Then the bad things happened. The NBA put an a-hole former ref (I think it was Garretson the Elder) in charge of refs for the league. Rampant "favoritism" occurred. If you didn't call the game the way HE did, or liked it called, you got fucked. Sadly, he wasn't one of the better refs out there, and he had a pretty short fuse. A la Cartman, he felt refs took control by making players "Respect mah au-thor-a-tee". What it did was make players resepct them less, cause they were now not only incompetent, but incompetent assholes.

Players started coming into the league who literally carried the ball over 80-90% of the time when they dribbled. Iverson doesn't have a great crossover, Tim Hardaway isn't breaking ankles cause he's got mad skillz. It's cause they carry the ball over every single dribble. Their freaking hands are underneath the ball on teh dribble. When a player dribbles correctly they can only alter the speed at which it is dribbled slightly. Gravity is gravity. What ended up happening was the league had to tell them to allow this, or their "star" players would have been called for carrying over/palming 10 times a game. This directly lead to the next problem....

They were taking a half dozen steps in between dribbles. When you can carry the ball on your hip and only have to dribble it slowly and on occassion, you can make some spectacular moves! I think that it only almost became a logical step that since the players were geting away with travelling while dribbling the ball, they could get away with it when not dribbling the ball too.

As to fouls. In the old days, a lot of timie fouls were not called unless it gave a team an adavantage in the game. If a player slapped anothers wrist and the ball went out of bounds off the guy with the ball with 18 seconds on the clock, they'd just call it off the defender. 6 seconds on the clock, it was a foul, since that would be a distinct advantage to the defending team. I almost never see that kind of officiating now, and I think it goes back to the League Office.

Then when teh Bad Boys and Knicks and Heat started their antics, almost anything less was allowed because it wasn't as bad as they were. What the league should have done was force some games where 4 Pistons fouled out. They let these teams change the game, instead of making them play the game correctly.

So that's my long diatribe on how yes Virginia, the reffing back in the old days was better then now, but how it isn't all the refs fault

Old Pop Culture references for the w1n!

Bengoodfella said...

Wow Martin, I feel like that was a really good story you told. Almost a parable, but not quite a short story.

I do remember that time when a coach was warned he would get a technical, rather than just get T'd up. I am sure this still happens, but there are instances now where a coach/player gets it called immediately, which can be fine in some cases...others, it is not. Like when Howard scored on Varejo the other night and then got T'd up. I did not like that.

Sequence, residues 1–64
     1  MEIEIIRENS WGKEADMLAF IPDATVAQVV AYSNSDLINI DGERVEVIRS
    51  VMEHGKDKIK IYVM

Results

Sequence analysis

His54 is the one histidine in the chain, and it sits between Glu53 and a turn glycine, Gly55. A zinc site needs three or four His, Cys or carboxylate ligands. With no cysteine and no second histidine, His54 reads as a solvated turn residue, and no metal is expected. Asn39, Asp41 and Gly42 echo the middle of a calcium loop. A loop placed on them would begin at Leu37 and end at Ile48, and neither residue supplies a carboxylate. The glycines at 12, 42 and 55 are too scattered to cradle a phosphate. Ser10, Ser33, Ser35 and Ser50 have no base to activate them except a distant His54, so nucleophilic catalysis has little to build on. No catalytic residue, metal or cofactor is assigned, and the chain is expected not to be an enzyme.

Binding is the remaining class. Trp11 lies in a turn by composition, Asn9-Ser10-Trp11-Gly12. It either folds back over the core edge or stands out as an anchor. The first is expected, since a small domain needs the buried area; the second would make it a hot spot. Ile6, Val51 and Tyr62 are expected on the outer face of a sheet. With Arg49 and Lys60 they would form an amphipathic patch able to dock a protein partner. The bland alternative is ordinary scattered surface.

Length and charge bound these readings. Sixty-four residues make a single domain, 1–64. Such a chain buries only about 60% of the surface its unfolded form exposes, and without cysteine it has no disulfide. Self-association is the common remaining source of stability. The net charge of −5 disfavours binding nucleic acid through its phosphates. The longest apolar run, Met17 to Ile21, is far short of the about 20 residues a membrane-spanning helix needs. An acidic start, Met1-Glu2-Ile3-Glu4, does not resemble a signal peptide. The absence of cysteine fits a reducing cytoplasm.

As far as traveling and palming the ball go, Martin, I have given up on that completely. The players are going to do that and they are going to get away with it. They still call palming in college basketball actually. I saw it 3-4 times this year just in Duke games...and yes Duke did get called for it once.

I don't know the history of refs but it would make sense to me that if they put an asshole in charge, much less an incompetent one, the players would not respect the referees. Maybe they tried to keep a tight lid on the game and the players rebelled at first, but later got over it. I don't know. All I know is that I do not know the difference in a Flagrant 1 or 2 foul (I know the difference but don't always see the difference live) and technicals are called for a player not even acting up but reacting to a call, often times in my opinion in a correct manner.

It's interesting that you say the game got changed by the players instead of the game changing the players, but it looks like now the NBA is trying to get control back and people like Bill Simmons don't like it.

Thanks for the parable.

Jason B said...

From the original post:

"There is no consistency in the calls and the fourth quarter of games seem to stop every 2 minutes."

Every two minutes would be a blessing. Total blessing.

" seem to stop every six seconds."


Bengoodfella said... does feel like every 6 seconds doesn't it. If there are 48 minutes in a game and there are 52 foul calls in a game, and that doesn't include any other calls, then you are probably close to being right.

That is a foul called every minute of the game. That can't be right...

AJ said...

I for one couldn't make it all the way through Bill's piece. I'm beyond the point of reading yet another take on how bad the ref's are in basketball...he's a little late to the parade if you ask me. Everyone and their mom's are talking about how bad they are. Cuban does it on a daily bases.

The thing about a blog tracking the bad calls is the stupidest thing I've ever heard in my life. I mean who watches sports to fine pick every single thing that goes on like its your job or something. I watch sports for the enjoyment of it, why would I keep track of everything that goes wrong...I wouldn't be enjoying it anymore and I would be working. If I don't like something, or can't stand the way the game is being played, I pick up my remote and hit a new set of numbers and watch something else. By the way, if he really wanted to do some research for this article, he may want to look into his favorite past time, gambling. There are people who make a living tracking the tenedencies of every single ref. However, they do it as a job, not because they are fans.